69. dahi vadas
Cool, yogurt snack
I can’t remember my mum ever making dahi vadas at home. We usually had them when there were big community lunches or dinners mainly for weddings or we would have them at the famous Supreme Hotel. I learnt how to make dahi vadas from Nunu after my marriage. I remember when I had just got married, Nunu was preparing some dahi vadas and suddenly her friend came to pick her up. They were suppose to go for shopping or something. So bravely, I told Nunu I would finish up. Of course she asked me a hundred times if I would be fine frying the vadas and I said yes. So reluctantly she left the task to me and reminded me that they should not be raw from the inside. So there I was busy frying vadas for the first time. I had watched her doing the whole procedure. I spooned the batter into the hot oil, and fried the first batch. Just like the way she would break one to see if they are not raw inside, I did the same. Oh dear the first one was raw. So in go the rest again. By the time Nunu got back there was a marked difference between the ones she had fried and the ones I fried. Hers were nice golden brown and mine were dark brown and had become slightly hard. Thank God for the batches that she had made, otherwise the family would have had just bhajias and not dahi vadas. Now I can confidently say I do make nice soft dahi vadas, all thanks to Nunu. While frying the vadas, Nunu would keep on beating the batter with a spoon, just like the way we would cream butter and sugar for cookies or cakes. She use to tell me that the more air in the batter, the fluffier the vadas. So do give yourselves some arm exercise while making the vadas.
Dahi vada is a popular indian snack. Most of the ingredients are readily available in the indian shops. Nice to have on a hot summer day.
After buying a paniyaram pan from India, I have been trying out bhajias and paniyaram recipes. Today I made some dahi vada and instead of frying them as we normally do, I used the paniyaram pan. I was happy with the outcome. Used very little oil and the vadas were soft. Will I ever fry vadas again? Perhaps not. Less oily and much more healthier. The recipe remains the same, you just don’t need oil for frying. You need about 1-2 tbsp of oil.
28 to 30 vadas
For the vadas :
½ cup urad dal (split black gram lentils)
½ cup moong dal with the skin (split green gram lentils) or chana dal (split chick pea)
½ tsp cumin seeds
pinch of asafoetida (hing)
pinch of turmeric powder
½ tsp salt
1 tsp chilli paste
1 tsp ginger paste
oil for deep frying
For the yogurt base:
4 cups plain yogurt
1 tsp sugar
½ tsp salt
½ tsp mustard seeds
1 tsp cumin seeds
10 to 12 curry leaves
1 tsp ghee or oil
about 1 cup date tamarind chutney
¼ cup finely chopped fresh coriander
1 tsp cumin seed powder
1 tsp red chilli powder
- Soak both the lentils separately in warm water for 6 to 8 hours.
- Drain out the lentils into a sieve and wash it. I usually leave the skin of the lentils.
- Grind both coarsely and separately in a food processor or a liquidiser. If you use a liquidiser, use water sparingly as you don’t want a runny batter. Usually about ¼ – ½ cup of water is required to grind both the lentils. If you use the food processor then add the water to the batter.
- Mix both the coarsely ground lentils. Add to it the rest of the ingredients mentioned under vadas.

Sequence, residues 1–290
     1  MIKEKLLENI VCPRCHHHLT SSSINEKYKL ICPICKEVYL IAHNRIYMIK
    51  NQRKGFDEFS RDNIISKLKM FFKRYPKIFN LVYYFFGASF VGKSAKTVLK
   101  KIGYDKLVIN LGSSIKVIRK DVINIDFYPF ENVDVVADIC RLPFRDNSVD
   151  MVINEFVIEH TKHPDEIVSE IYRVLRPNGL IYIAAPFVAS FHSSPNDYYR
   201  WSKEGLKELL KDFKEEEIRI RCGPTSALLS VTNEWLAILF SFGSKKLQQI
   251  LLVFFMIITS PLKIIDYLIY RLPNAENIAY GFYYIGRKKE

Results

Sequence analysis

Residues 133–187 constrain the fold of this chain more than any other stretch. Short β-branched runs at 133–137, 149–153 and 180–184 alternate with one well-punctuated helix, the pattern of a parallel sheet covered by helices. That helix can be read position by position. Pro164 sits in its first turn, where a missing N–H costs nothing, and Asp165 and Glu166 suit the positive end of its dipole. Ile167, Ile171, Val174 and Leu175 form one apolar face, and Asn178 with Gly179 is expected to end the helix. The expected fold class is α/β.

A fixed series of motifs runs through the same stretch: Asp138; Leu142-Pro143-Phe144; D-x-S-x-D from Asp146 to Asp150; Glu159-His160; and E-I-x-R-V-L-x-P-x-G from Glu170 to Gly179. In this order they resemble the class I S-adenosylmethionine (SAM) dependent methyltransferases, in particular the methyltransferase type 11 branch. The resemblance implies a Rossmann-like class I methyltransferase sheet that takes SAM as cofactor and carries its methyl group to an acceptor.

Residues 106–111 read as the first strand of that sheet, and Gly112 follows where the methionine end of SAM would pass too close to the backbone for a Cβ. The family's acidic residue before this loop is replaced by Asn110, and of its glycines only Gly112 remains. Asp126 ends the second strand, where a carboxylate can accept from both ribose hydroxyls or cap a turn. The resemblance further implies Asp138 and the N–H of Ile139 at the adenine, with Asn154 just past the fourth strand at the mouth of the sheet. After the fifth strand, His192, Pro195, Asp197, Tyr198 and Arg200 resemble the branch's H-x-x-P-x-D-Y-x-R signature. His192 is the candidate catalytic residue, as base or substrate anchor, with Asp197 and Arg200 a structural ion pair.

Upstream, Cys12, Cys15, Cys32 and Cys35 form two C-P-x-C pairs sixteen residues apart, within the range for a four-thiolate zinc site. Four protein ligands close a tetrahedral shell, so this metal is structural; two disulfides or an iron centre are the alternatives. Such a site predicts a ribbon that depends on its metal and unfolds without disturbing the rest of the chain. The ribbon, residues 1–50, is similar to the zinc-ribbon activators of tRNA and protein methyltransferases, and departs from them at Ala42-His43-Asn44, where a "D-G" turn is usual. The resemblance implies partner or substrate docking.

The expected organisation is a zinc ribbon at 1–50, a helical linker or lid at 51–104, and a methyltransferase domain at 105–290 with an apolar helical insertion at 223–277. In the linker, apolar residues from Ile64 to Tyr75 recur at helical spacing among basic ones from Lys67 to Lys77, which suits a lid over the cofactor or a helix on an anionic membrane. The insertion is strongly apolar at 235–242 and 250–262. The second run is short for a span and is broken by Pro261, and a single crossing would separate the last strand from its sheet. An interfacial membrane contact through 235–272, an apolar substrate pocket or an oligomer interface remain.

- Heat the oil for frying in a wok or karai. To test if its hot, put a tiny blob of the batter into the oil. If it comes up immediately, then the oil is ready.
- Take a steel soup spoon or tablespoon. Have a small bowl of water ready for dipping the spoon.
- Dip the spoon in the water and spoon the batter gently into the oil. Repeat till you have about 6 to 8 vadas in the oil. Lower the heat and fry them till they are light brown and crispy. Make sure you keep turning the vadas with a slotted spoon to cook them evenly on both sides. I find that after every 2 vadas I need to dip the spoon in the water. This only helps the batter to slip off the spoon easily. Don’t fret, after a few trials, it becomes easier.
- Repeat step 7 till all the batter is over. In between don’t forget to whip the batter.
- Let the vadas cool.
- Just before serving, prepare the yogurt base. Heat the oil or ghee in a small pan. When it is hot, add the mustard, cumin and curry leaves. Once the leaves become crunchy, pour the oil mixture into the yogurt. Add salt and sugar and mix the yogurt till it is creamy.
- Take a wide pan. Fill it halfway with water. Heat the water. When it is just hot, take it off the heat.
- Add the vadas into the hot water. Let them soak for 5 minutes.
- Gently press each vada between your palm to remove the excess water.
- Arrange them into a deep serving dish.
- Pour the prepared yogurt over it.
- Garnish with the fresh coriander, cumin powder and chilli powder.
- Serve with date chutney and if you like then extra thin sev.
- If you are having guests over, prepare the vadas a day ahead and keep them in the fridge. Once you soak them in hot water they will become soft.
- Can garnish with pomegranate seeds. I didn’t find any when I took the picture.
- The amount of chilli used depends on you.
- For the date chutney recipe check out my recipe on pani puri.
- When you spoon the batter into the oil, make sure the tip of the spoon is touching the surface of the oil. Gently let the batter slide off as a blob into the oil. Let it come up on its own or after a while, give it a gentle nudge from the side with the slotted spoon for it to come up.
- I find that when I need to fry bhajias,vadas etc, it is important to have the oil at least half way in the wok or karai.
- make sure the oil is hot before preparing the next batch.
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